This case is about employment discrimination based upon National Origin.[1] Plaintiff claims that because she is of Hispanic origin, she was abused by her superiors and ultimately fired. According to Plaintiff's complaint (Docket No. 1), the pertinent facts of the case begin on or about November 25, 1996, when she was hired as a Benefits Clerk performing data entry for $6.00 per hour. Plaintiff did not enter into a written contract.

Plaintiff alleges that she heard that Defendant George Connely had made a comment against ethnic people, saying he preferred the front desk be manned by non-ethnics. This comment, combined with an altercation in the office of Plaintiff's supervisor (Defendant Leslie Malone) which purportedly reduced Plaintiff to tears, are the substance of the claims challenged by Defendants. Plaintiff was thereafter fired on November 12, 1997.

Defendants deny the allegations substantiating all causes of action pled. Further, they assert that with respect to counts III, V, VI, and VII, Plaintiff fails to state a claim upon which relief can be granted[2] even supposing her allegations prove true. This Court now considers the position of each party, and assuming Plaintiff's facts are true, must test each disputed claim for validity.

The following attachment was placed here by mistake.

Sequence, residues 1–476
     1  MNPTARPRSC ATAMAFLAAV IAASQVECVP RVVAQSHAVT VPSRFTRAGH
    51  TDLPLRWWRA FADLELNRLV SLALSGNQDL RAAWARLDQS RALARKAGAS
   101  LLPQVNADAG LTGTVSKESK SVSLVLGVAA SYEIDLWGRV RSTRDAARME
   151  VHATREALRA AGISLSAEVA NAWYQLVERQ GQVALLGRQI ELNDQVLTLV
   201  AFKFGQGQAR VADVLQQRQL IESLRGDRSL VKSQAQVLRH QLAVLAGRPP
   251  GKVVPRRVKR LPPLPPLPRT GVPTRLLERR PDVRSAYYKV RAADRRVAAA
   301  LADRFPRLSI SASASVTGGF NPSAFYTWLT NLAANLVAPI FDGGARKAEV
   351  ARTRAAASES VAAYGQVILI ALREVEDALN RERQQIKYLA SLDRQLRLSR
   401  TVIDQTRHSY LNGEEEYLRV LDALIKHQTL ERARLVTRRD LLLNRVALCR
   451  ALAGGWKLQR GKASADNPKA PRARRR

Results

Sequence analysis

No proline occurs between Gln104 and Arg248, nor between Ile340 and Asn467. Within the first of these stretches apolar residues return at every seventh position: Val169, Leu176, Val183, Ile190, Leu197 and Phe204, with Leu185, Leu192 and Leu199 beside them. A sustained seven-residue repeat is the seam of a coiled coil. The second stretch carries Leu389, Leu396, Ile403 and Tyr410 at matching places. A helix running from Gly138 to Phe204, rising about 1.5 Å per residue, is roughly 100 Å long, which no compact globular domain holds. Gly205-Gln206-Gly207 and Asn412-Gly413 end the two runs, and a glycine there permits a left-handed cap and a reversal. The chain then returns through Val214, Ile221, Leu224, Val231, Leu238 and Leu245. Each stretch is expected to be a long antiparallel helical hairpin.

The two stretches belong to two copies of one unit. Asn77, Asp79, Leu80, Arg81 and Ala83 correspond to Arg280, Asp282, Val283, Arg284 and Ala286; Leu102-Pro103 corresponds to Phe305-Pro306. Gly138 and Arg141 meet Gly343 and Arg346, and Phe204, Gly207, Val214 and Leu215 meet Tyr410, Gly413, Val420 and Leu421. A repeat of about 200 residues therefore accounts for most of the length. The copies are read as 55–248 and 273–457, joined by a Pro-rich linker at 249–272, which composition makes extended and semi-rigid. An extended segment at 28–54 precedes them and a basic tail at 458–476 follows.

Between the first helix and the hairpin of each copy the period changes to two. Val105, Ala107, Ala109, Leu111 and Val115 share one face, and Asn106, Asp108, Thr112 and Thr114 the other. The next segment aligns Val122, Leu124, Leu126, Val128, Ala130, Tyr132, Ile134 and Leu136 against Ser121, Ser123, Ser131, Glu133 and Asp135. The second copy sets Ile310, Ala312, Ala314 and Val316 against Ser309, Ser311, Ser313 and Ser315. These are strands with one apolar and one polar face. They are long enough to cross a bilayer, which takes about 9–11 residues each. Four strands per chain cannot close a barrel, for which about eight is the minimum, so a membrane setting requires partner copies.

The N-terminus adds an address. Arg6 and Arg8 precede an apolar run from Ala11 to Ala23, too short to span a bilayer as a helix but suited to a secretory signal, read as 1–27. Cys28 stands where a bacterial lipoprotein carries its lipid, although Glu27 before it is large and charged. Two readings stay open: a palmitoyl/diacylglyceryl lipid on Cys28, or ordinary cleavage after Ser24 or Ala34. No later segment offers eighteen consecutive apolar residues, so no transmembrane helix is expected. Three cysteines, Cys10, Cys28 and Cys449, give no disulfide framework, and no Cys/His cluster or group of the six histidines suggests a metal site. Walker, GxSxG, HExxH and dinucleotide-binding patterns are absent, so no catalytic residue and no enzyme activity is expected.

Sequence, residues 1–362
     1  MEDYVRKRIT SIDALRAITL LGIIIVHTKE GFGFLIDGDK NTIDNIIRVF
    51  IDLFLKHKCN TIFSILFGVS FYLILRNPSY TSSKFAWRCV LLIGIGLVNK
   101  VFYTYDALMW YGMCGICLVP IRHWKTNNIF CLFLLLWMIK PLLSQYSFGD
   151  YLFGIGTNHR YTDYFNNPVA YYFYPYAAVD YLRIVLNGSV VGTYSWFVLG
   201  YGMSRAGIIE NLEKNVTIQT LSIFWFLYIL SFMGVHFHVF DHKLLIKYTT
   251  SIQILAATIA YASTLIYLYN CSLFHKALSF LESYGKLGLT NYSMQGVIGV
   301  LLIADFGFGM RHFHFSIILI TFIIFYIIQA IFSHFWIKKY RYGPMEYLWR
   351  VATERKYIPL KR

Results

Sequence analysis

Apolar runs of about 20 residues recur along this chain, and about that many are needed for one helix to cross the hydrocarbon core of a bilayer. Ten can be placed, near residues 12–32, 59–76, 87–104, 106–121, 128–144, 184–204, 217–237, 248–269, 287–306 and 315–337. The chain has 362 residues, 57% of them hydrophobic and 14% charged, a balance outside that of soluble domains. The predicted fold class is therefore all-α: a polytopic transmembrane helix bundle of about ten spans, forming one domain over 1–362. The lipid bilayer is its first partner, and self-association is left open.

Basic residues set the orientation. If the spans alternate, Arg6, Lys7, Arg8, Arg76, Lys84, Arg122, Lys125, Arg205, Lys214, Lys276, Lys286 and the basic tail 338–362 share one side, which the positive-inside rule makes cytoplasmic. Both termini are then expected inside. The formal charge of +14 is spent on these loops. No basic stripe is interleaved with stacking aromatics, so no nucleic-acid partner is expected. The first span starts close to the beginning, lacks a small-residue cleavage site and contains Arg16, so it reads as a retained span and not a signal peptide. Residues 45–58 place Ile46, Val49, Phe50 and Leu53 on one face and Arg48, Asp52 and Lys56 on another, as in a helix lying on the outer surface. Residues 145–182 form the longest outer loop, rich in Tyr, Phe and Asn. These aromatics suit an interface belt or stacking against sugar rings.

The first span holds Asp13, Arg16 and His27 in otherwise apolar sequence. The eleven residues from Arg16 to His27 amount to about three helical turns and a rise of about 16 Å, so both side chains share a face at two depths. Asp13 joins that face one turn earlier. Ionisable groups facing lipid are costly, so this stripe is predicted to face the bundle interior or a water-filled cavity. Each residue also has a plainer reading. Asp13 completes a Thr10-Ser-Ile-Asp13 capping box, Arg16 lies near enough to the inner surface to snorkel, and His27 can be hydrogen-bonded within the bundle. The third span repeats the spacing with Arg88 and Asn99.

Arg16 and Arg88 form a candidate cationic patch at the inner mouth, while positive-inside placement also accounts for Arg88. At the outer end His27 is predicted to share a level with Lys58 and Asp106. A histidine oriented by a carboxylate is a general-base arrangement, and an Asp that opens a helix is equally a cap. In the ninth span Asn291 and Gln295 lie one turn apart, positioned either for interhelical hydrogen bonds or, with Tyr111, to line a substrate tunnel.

Defendants, George Connely, Leslie Malone, Laurie Winkles, and Doug Simpson (hereinafter "Defendants" for purposes of this section), maintain that Plaintiff's allegations concern their respective positions as employees of Southeastern; therefore, they reason that they should be absolved of any personal liability for actions arising from acts committed in their capacity as employees. Defendants glean much case support for their position, particularly regarding counts I, II, and IV of Plaintiff's complaint.

*1321 Liability for discrimination under either the Florida Civil Rights Act or under federal Equal Employment Opportunity laws is reserved for the employer ultimately causing the harm (harm in hiring, firing, or hostile work environment).[3] While both laws include the word "agent" in their definitions of employer, the Eleventh Circuit has interpreted such inclusion only valid in reference to claims requiring respondeat superior liability. See Mason v. Stallings, 82 F.3d 1007, 1009 (11th Cir. 1996).